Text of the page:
• Changes in stool color (i.e., green, black, red, grey, yellow, or white)
  • Lack of a bowel movement or decreased frequency, which can indicate intestinal blockage
  • Firm, hard stools, which can be an indication of constipation
  • Diarrhea, watery stool
  • Greasy poop
  • A sudden increase in frequency
How do I know when my puppy needs to poop?

    How do I know when my puppy needs to poop?

    Most puppies will have the urge to poo approximately 30 minutes following a meal. Potty training takes time and patience, so during the first few weeks of your puppy’s life, it’s a good idea to take them out after sleeping, after your puppy eats, and every hour they are awake. Crate training in conjunction with housetraining provides a safe space for your puppy to retreat when unsupervised. Over time you will learn your puppy’s pooping cues and habits. Common indications your puppy needs to defecate include sniffing, circling, posturing, whining, pacing, and walking towards the door. Never punish your puppy for defecating indoors, and always provide ample praise or their favorite treat following an outdoor bowel movement so that they understand this is the desired behavior.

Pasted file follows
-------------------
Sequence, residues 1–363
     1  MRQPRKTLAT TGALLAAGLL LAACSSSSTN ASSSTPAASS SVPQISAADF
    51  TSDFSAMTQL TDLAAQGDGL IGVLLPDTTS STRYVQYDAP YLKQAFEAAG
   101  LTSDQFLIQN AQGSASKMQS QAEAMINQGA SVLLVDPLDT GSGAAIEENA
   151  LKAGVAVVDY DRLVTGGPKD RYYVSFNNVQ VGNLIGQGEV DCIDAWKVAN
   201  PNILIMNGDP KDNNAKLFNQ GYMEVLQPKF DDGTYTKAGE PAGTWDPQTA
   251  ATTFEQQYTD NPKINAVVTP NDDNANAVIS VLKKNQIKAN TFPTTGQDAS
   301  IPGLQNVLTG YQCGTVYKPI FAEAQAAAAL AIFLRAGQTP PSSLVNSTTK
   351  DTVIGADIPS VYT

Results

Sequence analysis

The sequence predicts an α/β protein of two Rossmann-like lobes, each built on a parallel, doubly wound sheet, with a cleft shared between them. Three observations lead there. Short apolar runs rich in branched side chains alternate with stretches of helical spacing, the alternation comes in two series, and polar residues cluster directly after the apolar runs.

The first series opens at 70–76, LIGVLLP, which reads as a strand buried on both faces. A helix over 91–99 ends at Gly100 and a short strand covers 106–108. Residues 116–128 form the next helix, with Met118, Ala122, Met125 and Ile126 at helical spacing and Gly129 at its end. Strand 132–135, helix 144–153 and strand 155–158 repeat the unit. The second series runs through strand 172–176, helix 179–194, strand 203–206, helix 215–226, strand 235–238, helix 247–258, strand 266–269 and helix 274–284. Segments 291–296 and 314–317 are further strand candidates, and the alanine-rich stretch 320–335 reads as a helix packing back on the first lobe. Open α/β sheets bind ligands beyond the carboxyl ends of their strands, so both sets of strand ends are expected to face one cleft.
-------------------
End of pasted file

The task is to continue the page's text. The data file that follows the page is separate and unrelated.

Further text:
When should I take my puppy to a veterinarian?